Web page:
Living In Hope

In Lifestyle

There are 46 places with the word “content” in their names, “friendship” and “hope” can be found in several parishes in Jamaica. Content relates to a state of mind and the friendship to a common sentiment. The familiar term “hope” appears in the parish of St Andrew where roads, housing neighbourhoods, a river and a botanical garden are named after Major Roger Hope who was a member of the English army that seized Jamaica from the Spanish in 1655.

Hope, along with many army officers, was granted land in recognition of his contribution to defeating the Spanish. Over a period of time he accumulated 2,417 acres which were to become known as the Hope Estate. He employed soldiers from the disbanded English army to clear the thick woodlands and hunt down the feral pigs and cattle abandoned by the Spanish. Before his death in 1670 Roger Hope with a contingent of slaves and succeeded by his widow and daughter had founded a highly successful sugar plantation. In 1816 the Hope landscape began in the highest part of the gradual land due East of Kingston known as the Liguanea Plains and known as Mango Walk. It was 400 feet above sea level and probably four degrees cooler than the harbour-side. It contained a reliable stream known as the Hope River with an aqueduct 700 feet in length. Built in the mid 1750’s and parts of it are still in existence on the grounds of the University of the West Indies. Nearby was the sugar mill, boiling house, curing house and associated factory buildings as well as dwellings for the slaves, an overseers house and a great house of which there is no evidence today but were probably in the vicinity of College Common.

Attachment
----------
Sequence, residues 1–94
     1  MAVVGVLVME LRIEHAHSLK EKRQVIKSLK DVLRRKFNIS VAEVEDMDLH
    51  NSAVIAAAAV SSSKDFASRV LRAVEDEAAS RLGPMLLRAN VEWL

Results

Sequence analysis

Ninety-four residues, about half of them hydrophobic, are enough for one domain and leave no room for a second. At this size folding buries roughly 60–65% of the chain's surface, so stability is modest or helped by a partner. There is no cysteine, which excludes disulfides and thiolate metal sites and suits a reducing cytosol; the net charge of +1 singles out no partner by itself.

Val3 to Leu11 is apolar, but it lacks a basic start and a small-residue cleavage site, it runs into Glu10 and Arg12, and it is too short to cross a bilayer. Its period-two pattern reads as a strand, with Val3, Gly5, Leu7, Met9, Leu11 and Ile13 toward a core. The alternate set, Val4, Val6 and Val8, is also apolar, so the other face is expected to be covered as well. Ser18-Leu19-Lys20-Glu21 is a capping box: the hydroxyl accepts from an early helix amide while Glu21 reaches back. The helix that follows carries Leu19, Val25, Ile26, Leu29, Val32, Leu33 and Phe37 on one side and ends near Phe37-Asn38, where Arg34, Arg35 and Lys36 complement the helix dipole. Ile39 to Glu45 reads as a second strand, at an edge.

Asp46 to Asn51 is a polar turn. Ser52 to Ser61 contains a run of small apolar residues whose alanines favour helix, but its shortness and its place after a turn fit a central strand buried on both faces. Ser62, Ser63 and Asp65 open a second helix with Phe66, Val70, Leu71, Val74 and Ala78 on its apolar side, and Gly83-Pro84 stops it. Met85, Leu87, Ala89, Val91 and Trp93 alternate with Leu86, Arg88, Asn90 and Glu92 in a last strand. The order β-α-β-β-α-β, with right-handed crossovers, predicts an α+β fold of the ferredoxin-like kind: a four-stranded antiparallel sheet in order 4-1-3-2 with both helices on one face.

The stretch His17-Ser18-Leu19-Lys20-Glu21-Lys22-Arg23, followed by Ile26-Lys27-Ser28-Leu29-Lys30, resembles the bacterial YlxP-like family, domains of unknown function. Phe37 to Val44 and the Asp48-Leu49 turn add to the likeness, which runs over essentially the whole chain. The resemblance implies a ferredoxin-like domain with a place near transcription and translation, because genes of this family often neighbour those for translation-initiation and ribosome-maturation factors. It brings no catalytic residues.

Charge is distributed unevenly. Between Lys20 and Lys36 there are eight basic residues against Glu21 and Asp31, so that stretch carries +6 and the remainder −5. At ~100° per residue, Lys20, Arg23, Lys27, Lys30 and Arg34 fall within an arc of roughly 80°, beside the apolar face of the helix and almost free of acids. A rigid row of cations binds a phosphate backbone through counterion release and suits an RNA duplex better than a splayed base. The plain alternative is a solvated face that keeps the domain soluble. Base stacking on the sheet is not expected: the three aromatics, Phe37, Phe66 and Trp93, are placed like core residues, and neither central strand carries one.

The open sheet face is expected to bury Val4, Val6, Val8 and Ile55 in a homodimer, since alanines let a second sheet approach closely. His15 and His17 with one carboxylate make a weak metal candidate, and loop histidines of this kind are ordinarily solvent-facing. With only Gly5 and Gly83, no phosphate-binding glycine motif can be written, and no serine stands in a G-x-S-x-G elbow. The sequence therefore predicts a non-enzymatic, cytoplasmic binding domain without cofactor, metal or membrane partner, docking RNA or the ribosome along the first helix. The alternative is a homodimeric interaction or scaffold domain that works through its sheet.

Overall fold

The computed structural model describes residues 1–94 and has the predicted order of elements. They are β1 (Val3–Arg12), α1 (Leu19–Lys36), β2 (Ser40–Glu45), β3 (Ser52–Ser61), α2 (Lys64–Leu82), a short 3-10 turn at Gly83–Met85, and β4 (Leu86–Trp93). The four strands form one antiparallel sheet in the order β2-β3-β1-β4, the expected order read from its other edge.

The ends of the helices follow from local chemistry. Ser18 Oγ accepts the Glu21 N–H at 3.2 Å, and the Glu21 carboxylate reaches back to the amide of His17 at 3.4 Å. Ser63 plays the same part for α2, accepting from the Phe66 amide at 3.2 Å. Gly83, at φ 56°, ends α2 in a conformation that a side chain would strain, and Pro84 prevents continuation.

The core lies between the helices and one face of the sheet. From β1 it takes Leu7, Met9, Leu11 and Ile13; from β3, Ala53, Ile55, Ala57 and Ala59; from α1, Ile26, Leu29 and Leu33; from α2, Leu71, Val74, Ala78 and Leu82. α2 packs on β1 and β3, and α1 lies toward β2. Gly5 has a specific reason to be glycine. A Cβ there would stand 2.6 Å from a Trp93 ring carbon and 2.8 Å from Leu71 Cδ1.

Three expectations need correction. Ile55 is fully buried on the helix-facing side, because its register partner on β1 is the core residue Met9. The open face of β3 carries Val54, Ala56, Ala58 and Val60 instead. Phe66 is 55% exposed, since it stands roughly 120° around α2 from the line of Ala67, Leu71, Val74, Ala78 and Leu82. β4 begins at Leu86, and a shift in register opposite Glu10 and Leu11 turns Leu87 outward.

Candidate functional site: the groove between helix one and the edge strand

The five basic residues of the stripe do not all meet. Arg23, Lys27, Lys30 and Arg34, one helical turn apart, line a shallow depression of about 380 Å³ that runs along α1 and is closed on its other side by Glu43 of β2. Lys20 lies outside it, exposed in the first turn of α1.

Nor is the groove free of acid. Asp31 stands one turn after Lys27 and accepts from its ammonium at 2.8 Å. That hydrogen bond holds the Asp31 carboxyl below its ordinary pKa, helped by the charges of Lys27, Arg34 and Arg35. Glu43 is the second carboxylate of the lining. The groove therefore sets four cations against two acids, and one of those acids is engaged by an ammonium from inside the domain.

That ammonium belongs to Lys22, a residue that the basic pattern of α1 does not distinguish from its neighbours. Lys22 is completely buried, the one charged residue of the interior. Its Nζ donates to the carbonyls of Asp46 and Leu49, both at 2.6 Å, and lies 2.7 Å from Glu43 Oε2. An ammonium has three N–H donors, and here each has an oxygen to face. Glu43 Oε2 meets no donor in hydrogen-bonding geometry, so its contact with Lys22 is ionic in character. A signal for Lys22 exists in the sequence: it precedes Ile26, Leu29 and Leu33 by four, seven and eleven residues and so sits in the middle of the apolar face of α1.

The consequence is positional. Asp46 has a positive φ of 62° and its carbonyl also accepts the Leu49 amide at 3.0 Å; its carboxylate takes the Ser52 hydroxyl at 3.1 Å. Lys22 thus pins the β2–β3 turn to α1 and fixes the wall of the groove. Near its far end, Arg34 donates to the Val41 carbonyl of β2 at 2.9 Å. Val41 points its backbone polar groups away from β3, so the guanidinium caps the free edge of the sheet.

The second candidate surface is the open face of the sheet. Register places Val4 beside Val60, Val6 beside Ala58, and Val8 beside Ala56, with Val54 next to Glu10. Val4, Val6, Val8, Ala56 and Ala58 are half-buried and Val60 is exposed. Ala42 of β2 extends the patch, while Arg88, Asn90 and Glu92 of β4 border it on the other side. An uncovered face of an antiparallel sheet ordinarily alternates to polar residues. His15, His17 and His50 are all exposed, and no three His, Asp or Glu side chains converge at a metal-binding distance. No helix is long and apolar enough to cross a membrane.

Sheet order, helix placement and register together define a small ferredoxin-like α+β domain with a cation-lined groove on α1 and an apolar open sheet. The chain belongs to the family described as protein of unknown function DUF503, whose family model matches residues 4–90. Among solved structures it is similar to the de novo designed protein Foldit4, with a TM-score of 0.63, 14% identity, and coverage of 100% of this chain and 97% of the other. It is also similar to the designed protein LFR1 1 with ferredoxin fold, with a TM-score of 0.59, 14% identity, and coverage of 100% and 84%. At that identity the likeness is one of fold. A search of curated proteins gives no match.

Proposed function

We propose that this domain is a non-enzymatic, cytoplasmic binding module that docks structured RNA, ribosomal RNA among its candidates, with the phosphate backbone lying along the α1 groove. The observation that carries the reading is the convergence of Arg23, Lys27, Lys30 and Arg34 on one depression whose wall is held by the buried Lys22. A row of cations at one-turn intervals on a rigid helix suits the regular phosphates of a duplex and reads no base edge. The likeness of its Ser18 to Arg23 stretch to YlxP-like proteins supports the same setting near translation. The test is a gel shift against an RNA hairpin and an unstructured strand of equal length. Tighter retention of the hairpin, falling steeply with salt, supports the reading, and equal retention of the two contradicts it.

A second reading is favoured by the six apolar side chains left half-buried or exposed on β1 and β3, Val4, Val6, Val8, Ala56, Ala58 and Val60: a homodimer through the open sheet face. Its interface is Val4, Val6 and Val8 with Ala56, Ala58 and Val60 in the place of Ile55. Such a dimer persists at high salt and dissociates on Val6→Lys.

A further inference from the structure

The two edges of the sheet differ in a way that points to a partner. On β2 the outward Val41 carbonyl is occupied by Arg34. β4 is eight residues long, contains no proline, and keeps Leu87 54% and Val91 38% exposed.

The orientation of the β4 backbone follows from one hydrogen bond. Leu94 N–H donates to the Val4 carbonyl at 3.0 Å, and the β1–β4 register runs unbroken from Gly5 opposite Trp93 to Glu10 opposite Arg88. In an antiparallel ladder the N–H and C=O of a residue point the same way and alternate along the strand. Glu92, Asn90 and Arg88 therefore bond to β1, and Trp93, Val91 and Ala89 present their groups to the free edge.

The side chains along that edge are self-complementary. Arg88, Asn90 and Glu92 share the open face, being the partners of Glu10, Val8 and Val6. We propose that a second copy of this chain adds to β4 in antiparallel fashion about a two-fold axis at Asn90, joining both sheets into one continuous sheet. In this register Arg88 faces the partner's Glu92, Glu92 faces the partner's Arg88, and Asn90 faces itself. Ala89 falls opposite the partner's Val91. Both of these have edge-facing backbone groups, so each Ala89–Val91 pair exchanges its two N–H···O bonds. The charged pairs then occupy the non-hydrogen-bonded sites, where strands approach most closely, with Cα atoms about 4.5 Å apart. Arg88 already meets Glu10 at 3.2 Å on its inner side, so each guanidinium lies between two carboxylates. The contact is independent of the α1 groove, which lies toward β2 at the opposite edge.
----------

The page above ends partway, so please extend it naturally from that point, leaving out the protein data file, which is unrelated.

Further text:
Like all other plantations in Jamaica the end of slave-trading (1807) and slavery (1838) Hope Estate, having the heavy burden of its owner’s debts – the English Dukes of Buckingham and Chandos had married into the Hope dynasty – entered an era of financial decline. By 1839 Hope was leased out to a Mr. Joseph Gordon but the estate’s collapse as a sugar estate was well in motion. The Kingston and Liguanea Waterworks Company was to obtain the Hope Estate waterworks and 634 acres of former cane land and its four-ninths rights to the water taken up from Hope River. An area of 1,700 acres located on the foothills half a mile east of Papine and the Hope River was later leased for a mining venture which failed, then Louis Verley who in turn rented parts out to small settlers. Robert Thompson, cleared a hundred acres by 1874 for an experimental agricultural facility and a botanical garden. Hope Gardens as it is generally known, has never looked back, expanding in size to include a plant nursery, a zoo, and a variety of botanical displays.

The Mona and Papine estate lie adjacent to Hope Estate. The former including Hope Pastures and Mona Heights, latter being acquired by Thomas Verley including the current Mona Great House, formerly Mona Hotel. Mona Estate included Bamboo Pen near Matilda’s Corner, now the site of the US Embassy.

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